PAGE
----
Monday, January 25, 2010
Friday, August 21, 2009
Throughout this 3v3 blog, I’ve discussed several skills and strategies to help coaches prepare players for 3v3 tournaments; but the most important thing coaches can do is prepare players for life.
I try to instill the value of practice by showing how all the successes on the field directly relate to the amount of hard work and effort put in. I remind players of what they were like when they first started or what happened when they first tried a fancy move they since mastered; and I explain how all these same principles, regardless of soccer, can apply to other areas of their life. To achieve dreams, set goals and work hard; but to really enjoy achievements, they should follow the path of a good person.
It’s sad to see what some coaches teach their players. Perhaps they don’t realize the influence they have. I’ve had opponents disqualified when I proved their players were overage. (The head coach of my son’s team tried to place an overage player on our team, claiming it was okay because the player wasn’t good. I removed my son from that team and started my own.) I get frustrated if coaches don’t speak up to rectify blatant rule violations. In one game, a referee reversed three blatant calls against us when I showed him the rules sheet, but instead of the other team helping, the coach remained silent while his parents yelled at me and asked the referee who was calling the game. The coach knew the rules, yet he refused to help. On the other hand, I’ve often sided with opponents. For example, I saw an opponent’s player cross midfield, shoot and score, tying the game against us, but the referee couldn’t remember if the player had crossed the line so he disallowed the goal. The other coach argued, and I spoke up on his behalf. They got their goal. We still won the game, and it showed my players we could be honest and still win. At one Nationals, one of my players got a yellow card; but the father wanted his son to switch jerseys with another player in case his son got a second yellow and would have to sit out games. I told the father, “If your son gets another yellow, he will sit out.”
If coaches allow cheating and dishonesty, their players will think it is okay to cheat in other areas of life. Always remember the influence a coach can make. Teach your players to win the right way.
[I hadn’t planned on writing another entry, but I discovered some of my old rival teams recently having players thrown out of games and their teams disqualified. They often asked my teams to join them or for me to help train their players; but I always refused, not because they were rivals, but I didn’t want my players to catch their ideology. This week my son disqualified himself from a golf tournament after he realized the scorecard he signed was three strokes better and would have placed him with the leaders. While I wasn’t happy he assumed the other boy had written the scores correctly, I was proud that he came forward, because no one would have known otherwise. I take that back. He would have known. And I can’t help to think that the way we played soccer all those years influenced his behavior.]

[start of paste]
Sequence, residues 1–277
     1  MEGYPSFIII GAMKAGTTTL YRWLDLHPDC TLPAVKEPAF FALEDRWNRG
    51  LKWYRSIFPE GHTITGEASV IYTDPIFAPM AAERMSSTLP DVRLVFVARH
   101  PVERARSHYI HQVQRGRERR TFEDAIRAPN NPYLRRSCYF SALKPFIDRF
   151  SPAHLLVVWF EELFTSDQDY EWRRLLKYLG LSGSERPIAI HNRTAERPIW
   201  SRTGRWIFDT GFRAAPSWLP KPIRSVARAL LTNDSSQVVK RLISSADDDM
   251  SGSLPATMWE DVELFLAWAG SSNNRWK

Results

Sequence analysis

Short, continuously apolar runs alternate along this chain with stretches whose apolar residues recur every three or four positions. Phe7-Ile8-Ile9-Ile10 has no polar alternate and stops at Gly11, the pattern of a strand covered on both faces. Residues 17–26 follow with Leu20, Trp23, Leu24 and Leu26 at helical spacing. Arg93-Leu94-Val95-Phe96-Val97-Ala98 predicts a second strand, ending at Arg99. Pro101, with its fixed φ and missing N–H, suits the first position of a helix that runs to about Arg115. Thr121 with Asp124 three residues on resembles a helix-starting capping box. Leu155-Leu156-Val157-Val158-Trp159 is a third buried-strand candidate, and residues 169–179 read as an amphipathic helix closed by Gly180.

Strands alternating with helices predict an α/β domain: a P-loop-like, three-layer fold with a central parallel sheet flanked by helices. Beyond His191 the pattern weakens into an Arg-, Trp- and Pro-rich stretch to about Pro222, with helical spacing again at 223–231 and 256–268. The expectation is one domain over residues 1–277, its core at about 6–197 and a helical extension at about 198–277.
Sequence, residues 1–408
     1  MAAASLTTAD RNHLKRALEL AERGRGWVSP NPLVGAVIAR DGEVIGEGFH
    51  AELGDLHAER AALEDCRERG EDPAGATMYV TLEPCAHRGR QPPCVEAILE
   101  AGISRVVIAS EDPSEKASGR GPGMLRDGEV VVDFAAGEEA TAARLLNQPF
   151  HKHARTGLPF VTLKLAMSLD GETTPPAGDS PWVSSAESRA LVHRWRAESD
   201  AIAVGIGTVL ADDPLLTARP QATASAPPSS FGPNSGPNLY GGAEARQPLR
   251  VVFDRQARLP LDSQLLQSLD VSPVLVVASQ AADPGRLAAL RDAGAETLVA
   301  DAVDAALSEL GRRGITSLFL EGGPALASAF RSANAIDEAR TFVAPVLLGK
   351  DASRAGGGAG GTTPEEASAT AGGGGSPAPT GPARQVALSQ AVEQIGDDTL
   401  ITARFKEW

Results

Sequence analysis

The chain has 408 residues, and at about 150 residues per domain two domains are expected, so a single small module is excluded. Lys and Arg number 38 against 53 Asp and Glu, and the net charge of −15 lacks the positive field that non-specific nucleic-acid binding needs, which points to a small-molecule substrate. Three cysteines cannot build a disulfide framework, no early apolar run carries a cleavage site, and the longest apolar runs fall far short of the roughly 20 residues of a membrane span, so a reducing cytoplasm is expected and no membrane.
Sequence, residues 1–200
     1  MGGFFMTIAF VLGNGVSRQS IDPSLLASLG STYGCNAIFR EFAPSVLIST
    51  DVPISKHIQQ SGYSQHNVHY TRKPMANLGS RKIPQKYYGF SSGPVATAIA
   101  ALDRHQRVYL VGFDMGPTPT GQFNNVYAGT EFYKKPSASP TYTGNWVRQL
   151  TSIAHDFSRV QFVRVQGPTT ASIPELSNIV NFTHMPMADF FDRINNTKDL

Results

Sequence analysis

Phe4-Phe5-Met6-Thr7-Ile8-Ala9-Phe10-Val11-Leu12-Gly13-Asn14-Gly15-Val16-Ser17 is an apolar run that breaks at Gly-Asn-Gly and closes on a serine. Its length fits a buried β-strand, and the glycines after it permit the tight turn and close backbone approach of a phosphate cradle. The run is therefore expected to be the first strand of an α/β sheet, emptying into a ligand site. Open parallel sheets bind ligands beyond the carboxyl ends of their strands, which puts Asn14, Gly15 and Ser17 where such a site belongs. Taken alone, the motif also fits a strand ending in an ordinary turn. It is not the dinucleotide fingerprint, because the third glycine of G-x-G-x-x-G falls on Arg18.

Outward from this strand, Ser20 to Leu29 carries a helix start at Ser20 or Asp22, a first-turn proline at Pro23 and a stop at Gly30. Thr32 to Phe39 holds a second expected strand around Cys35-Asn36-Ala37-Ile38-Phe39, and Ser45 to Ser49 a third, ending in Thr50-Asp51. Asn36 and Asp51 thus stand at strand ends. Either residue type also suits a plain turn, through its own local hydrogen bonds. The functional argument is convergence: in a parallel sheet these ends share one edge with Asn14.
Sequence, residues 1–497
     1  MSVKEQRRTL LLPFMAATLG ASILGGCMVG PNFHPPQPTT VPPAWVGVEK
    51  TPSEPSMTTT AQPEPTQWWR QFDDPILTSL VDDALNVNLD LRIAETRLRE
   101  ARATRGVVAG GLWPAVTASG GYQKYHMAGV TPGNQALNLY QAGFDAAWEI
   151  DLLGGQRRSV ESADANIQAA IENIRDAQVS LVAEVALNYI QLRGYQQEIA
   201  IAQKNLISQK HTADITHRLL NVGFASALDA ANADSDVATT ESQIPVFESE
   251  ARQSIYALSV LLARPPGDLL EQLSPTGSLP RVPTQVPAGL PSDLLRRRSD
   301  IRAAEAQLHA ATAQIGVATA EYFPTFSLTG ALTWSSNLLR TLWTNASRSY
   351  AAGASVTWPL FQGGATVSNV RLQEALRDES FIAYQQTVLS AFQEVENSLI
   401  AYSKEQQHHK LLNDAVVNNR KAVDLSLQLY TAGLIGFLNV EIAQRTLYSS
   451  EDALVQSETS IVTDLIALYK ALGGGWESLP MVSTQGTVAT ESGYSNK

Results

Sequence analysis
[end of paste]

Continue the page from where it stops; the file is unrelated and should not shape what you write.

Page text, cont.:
Tuesday, July 14, 2009
Learn to perform 1v1 moves fast or on the move so the defense doesn't catch you from behind.
When in Doubt, kick it Out.
On defense, contain and wait for separation; don't stab.
Forwards shouldn’t stand behind their opponent’s back player for a cross. If the back player stops the ball, your forward is now out of the play. Instead, be ready to collect any rebound off the back player.
Let the ball go out if your momentum will take you off the field. Trying to keep the ball in while you leave the field sets up a 3v2 scenario for the other team.
For really young teams, your back player should stand offset of the goal, so a missed back pass doesn’t accidentally roll in.
Shots on goal from opponent's free kicks or kick-ins that aren't touched twice can be allowed to go directly into your goal rather than risking a missed touch that accidentally deflects into your own goal. If they kick the ball in, it's a goal kick. If your player touches it, it's an own goal.
Refrain from shots or crosses from your opponent's corner as intercepted balls mean a 3v2 scenario for your opponent.
If you see a foul, continue playing (or kick the ball out) until you hear the ref's whistle. (I've seen players stop playing and allow a score because they expected a whistle that never came because the ref didn't see the foul.)
For 2v1 backdoor plays, dribble wide to open the back door.
If a forward loses the ball, they must RUN back on defense.
Forwards don’t stand wide when the other team kicks off or your opponents can simply dribble up through the middle.
On defense, if a player is chasing a ball and coming toward you, if you can time your lunge to get to the ball first, cut to either side. Some players kick the ball into the opponent’s legs and the ball bounces behind the defender.
Recruit Fast, Focused Players. [Great players often play-up, so don't forget to search older age brackets.]
If two defenders are on you, what does that mean? A teammate is open!
On sideline restarts, your back player should not take the kick, especially sending a crossing pass. I've seen far too many balls intercepted and shot on open goals.
Don't get down if your opponents score. 3v3 Soccer is a fast-paced, high-scoring game.
Each 3v3 tour has its own set of rules with some differences. Be sure your players know the differences.